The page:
Editorial Views  |   October 2016
Are Opioid-tolerant Patients Resistant to Local Anesthetic Nerve Blockade?: We Need More Information
Author Notes
  • From the Department of Anesthesia, University of Iowa Hospitals and Clinics, Iowa City, Iowa.
  • Corresponding article on page 755.
    Corresponding article on page 755.×
  • Accepted for publication June 13, 2016.
    Accepted for publication June 13, 2016.×
  • Address correspondence to Dr. Brennan: tim-brennan@uiowa.edu
Article Information
Editorial Views / Pain Medicine / Pharmacology / Regional Anesthesia
Editorial Views   |   October 2016
Are Opioid-tolerant Patients Resistant to Local Anesthetic Nerve Blockade?: We Need More Information
Anesthesiology 10 2016, Vol.125, 625-626. doi:10.1097/ALN.0000000000001240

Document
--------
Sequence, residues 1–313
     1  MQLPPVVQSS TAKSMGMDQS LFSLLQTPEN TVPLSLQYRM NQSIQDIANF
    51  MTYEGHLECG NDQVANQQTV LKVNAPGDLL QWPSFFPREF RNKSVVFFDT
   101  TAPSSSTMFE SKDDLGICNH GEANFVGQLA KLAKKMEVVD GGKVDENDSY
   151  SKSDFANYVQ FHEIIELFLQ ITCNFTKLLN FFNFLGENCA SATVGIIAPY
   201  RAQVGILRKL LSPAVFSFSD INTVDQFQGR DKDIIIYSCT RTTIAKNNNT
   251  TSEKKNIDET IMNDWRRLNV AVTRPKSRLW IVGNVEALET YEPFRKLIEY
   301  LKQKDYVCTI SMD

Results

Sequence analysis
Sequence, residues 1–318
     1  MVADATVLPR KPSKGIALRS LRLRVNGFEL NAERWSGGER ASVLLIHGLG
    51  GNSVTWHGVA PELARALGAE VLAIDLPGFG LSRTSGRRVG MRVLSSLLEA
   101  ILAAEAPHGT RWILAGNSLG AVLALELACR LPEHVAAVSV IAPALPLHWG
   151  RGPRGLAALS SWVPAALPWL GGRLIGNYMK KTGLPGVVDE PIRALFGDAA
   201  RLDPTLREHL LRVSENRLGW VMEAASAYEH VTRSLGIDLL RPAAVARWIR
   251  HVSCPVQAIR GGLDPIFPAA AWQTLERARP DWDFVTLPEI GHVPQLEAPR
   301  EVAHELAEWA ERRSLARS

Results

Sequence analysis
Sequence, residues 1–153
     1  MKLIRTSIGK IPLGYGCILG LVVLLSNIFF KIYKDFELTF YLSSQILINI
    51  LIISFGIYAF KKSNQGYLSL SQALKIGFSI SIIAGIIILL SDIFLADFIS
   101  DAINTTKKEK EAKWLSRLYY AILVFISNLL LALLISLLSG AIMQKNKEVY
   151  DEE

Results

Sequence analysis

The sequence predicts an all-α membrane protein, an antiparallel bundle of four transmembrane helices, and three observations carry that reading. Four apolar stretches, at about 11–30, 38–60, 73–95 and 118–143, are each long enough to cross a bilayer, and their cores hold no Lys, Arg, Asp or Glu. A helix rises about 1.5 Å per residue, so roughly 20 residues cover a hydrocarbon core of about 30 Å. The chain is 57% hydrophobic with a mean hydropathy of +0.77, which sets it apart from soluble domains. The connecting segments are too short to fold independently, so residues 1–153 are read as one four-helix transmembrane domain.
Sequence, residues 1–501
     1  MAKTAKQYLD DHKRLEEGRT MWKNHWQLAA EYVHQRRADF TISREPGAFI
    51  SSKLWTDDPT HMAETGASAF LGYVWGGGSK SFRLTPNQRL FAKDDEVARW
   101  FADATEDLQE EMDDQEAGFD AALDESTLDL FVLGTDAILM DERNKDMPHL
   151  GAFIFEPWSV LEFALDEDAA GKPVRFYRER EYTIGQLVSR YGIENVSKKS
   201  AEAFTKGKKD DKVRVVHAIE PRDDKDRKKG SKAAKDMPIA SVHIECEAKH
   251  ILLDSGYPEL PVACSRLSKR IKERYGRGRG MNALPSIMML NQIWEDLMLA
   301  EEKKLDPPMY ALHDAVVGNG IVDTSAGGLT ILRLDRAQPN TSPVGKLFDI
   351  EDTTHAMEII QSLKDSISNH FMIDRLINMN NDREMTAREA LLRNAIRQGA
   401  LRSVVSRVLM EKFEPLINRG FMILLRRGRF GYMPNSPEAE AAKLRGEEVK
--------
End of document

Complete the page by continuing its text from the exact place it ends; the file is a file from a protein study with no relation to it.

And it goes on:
Anesthesiology 10 2016, Vol.125, 625-626. doi:10.1097/ALN.0000000000001240
THE management of acute pain in the opioid-tolerant patients is an important topic in perioperative medicine. In this issue of Anesthesiology, Liu and Gold1  demonstrate that morphine administration that induces morphine tolerance in rats produces resistance to lidocaine-induced nerve blockade ex vivo.
Acute pain management can be quite challenging in opioid-tolerant patients.2  Opioids remain the most potent analgesic medications for treating acute pain and yet require greater dosages in patients with long-term use.3  Administering larger doses of opioids not only leads to undesirable side effects,3  but often fails to provide adequate analgesia based on patient report.4  Further, multimodal analgesia with nonopioid analgesics such as ketamine,5  acetaminophen, nonsteroidal antiinflammatory drugs, and local anesthetics has become the cornerstone of perioperative pain management in opioid-tolerant patients.6  Rotating the opioid medication to a different opiate can improve efficacy by taking advantage of incomplete cross-tolerance among these medications, but the clinical evidence is limited.7 
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